YesterWeird: Recommendations?

Do you have a favorite old, weird book?

Recommend it and I’ll probably read it!

But, I’m also looking for books to give the YesterWeird treatment to, like I’m doing with Matthew Lewis’s The Monk.

Old = written before 1930.
Weird = I leave up to you.

My definition of weird includes Fantomas novels, Cavendish’s The Blazing World, Scientific Romances, Dumas and his contemporaries, Gothic and Sensation novels, Apuleius, and P’u Songling… so it’s pretty broad, but limited. I’m not likely to do another Gothic right away. While I do have some Ann Radcliffe on the shelf, I’m not really ready to jump into another foray of English Protestants fetishisiizing southern European Roman Catholics.

Current contenders for getting the YesterWeird treatment are:

Fantomas, the Corpse Who Kills! by Marcel Allain and Pierre Souvestre. Murder, mayhem, and derangement.

The Flower Beneath The Foot – Being a Record of the Early Life of St. Laura De Nazianzi and the Times in which She Lived by Ronald Firbank. This looks like it might be Game of Thrones as if written by Oscar Wilde in his Importance of Being Earnest style. That sounds like it might be cool, or it might be annoying.

Aphrodite: Ancient Morals by Pierre Louys. A scandalous, historical novel written by a French guy mostly famous for his pornographic poetry. It’s available on Gutenberg.

If you have a favorite, I’d love to hear it.

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14 responses to “YesterWeird: Recommendations?”

  1. mikemonaco says :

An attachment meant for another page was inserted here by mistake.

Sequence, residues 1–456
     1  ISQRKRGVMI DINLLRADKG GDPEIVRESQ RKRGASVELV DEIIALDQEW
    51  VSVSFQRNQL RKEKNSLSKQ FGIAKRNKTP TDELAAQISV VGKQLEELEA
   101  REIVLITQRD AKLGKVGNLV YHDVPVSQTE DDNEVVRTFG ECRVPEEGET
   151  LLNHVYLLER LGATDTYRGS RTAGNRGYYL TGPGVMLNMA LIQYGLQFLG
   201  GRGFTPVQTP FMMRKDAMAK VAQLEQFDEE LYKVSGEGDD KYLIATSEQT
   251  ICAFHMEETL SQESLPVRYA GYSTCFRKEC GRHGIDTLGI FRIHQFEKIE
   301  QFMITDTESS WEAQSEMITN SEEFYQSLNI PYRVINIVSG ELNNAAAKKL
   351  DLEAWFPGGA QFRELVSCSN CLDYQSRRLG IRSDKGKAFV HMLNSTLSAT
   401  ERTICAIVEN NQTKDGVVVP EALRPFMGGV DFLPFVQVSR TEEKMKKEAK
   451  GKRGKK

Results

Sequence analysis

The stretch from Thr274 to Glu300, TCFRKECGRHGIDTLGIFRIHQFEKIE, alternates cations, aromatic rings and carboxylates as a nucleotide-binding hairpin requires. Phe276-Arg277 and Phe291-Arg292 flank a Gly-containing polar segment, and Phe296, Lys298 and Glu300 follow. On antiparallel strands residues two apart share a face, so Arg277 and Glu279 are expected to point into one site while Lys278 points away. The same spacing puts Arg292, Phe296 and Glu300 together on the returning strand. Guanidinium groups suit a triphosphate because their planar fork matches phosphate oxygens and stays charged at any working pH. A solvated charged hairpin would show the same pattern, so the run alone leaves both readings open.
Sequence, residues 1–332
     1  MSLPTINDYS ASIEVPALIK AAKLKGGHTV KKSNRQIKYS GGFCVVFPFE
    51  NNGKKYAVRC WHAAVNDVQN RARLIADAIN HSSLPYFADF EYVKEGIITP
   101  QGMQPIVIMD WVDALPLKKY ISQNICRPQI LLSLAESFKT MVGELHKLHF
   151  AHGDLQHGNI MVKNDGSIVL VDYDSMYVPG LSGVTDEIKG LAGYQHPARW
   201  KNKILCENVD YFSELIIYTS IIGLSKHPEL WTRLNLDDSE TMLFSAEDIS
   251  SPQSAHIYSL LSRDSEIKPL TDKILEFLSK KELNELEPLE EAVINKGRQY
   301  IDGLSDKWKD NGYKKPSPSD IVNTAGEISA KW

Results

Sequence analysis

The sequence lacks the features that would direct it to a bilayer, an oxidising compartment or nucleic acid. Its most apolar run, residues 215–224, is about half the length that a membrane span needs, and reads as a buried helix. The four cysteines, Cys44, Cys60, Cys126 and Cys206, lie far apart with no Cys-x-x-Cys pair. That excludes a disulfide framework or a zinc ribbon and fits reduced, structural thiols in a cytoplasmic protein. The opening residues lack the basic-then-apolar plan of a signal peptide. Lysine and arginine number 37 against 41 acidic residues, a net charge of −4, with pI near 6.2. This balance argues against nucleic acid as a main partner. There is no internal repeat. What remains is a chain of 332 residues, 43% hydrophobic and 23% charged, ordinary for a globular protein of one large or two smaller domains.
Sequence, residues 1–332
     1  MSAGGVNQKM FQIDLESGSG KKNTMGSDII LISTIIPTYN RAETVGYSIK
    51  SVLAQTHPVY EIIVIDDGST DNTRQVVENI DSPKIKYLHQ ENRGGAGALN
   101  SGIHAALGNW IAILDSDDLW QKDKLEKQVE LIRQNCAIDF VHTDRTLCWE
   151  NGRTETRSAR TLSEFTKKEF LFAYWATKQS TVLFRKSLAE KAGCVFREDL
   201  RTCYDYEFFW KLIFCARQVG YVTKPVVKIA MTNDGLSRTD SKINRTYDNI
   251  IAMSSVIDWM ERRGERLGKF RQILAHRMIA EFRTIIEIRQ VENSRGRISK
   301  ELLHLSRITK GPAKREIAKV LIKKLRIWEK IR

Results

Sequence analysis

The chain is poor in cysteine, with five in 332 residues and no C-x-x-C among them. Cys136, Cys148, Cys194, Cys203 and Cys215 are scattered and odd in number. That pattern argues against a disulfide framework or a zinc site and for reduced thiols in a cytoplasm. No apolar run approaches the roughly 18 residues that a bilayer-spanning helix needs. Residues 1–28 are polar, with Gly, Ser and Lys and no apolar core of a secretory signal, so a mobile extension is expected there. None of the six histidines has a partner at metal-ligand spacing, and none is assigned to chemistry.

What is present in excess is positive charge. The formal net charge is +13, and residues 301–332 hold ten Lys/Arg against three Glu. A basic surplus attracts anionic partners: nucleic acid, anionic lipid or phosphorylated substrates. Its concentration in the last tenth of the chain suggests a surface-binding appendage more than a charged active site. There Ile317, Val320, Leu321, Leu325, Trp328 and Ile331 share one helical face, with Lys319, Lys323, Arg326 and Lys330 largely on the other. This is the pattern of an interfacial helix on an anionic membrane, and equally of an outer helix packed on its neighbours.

If it doesn’t have to be fiction, Sabine Gould-Baring’s books are usually full of weirdness. The Werewolf book in particular was fun. In a similar vein, A dictionary of miracles by Rev. Brewer is fascinating. Excerpts from a ton of hagiographies etc.

    For old fiction, Grettrs Saga is pretty odd. Haggard’s “Eric Brighteyes,” a pseudo-saga, is pretty weird too.

    • Justin says :

      I’ve read SGB’s “Curious Myths of the Middle Ages” and that might be a fun one to do. Grettr’s Saga is a great idea! Thanks for the suggestion!

  2. mikemonaco says :

    If you can read French, Grandville’s Un Autre World looks pretty messed up too. I will see if there is an English translation available, because I have not read it yet either. I just heard about it second hand through another book I’m perusing (they got the name wrong and gave the title in English!). But it was described as the work of a sort of 19th century Bosch who is satirizing technological innovation and optimism. Oddly my source did not mention that Grandville was a cartoonist too, but google it and there are some pretty funky ilustrations.

  3. Gord Sellar says :

    I’m so very late for the party, but then, I only recently stumbled onto this late-17th century semi-autobiographical (“Transreal,” to use Rudy Rucker’s term) weird German novel I’d never heard about before:

    https://en.wikipedia.org/wiki/Simplicius_Simplicissimus

    I haven’t read much of it yet (since I didn’t know about it till last week or so), but it’s lined up on the Kindle for when I have cleared a few other things out of the way.

    The last line of the synopsis on Wikipedia was just too irresistible:

    <>

    Also, Marie de France’s “Bisclavret” is a hoot, if you haven’t read it. I got a huge kick out of that one poem. (The rest was interesting, but less weird overall, but Bisclavret has a werewolf, hanky panky, and proto-Lamarckianism. Then again, everyone was propto-Lamarckian in the middle ages, I suppose.)

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